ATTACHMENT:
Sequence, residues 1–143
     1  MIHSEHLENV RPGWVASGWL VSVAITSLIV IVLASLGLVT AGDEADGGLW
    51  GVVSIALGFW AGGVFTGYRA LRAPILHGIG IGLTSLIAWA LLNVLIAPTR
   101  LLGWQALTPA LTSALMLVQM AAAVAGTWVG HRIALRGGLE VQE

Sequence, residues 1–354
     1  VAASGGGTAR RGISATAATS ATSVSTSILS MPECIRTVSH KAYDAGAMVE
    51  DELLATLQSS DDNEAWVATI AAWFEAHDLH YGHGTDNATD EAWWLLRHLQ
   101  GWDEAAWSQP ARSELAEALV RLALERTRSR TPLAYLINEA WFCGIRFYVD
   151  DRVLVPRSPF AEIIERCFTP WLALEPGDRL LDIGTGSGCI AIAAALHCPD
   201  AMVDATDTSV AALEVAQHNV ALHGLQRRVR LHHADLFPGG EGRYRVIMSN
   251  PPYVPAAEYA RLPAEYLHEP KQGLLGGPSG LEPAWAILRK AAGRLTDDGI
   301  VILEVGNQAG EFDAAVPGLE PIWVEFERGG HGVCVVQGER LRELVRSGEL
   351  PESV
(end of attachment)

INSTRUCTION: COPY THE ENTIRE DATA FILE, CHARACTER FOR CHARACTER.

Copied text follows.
Sequence, residues 1–143
     1  MIHSEHLENV RPGWVASGWL VSVAITSLIV IVLASLGLVT AGDEADGGLW
    51  GVVSIALGFW AGGVFTGYRA LRAPILHGIG IGLTSLIAWA LLNVLIAPTR
   101  LLGWQALTPA LTSALMLVQM AAAVAGTWVG HRIALRGGLE VQE

Sequence, residues 1–354
     1  VAASGGGTAR RGISATAATS ATSVSTSILS MPECIRTVSH KAYDAGAMVE
    51  DELLATLQSS DDNEAWVATI AAWFEAHDLH YGHGTDNATD EAWWLLRHLQ
   101  GWDEAAWSQP ARSELAEALV RLALERTRSR TPLAYLINEA WFCGIRFYVD
   151  DRVLVPRSPF AEIIERCFTP WLALEPGDRL LDIGTGSGCI AIAAALHCPD
   201  AMVDATDTSV AALEVAQHNV ALHGLQRRVR LHHADLFPGG EGRYRVIMSN
   251  PPYVPAAEYA RLPAEYLHEP KQGLLGGPSG LEPAWAILRK AAGRLTDDGI
   301  VILEVGNQAG EFDAAVPGLE PIWVEFERGG HGVCVVQGER LRELVRSGEL
   351  PESV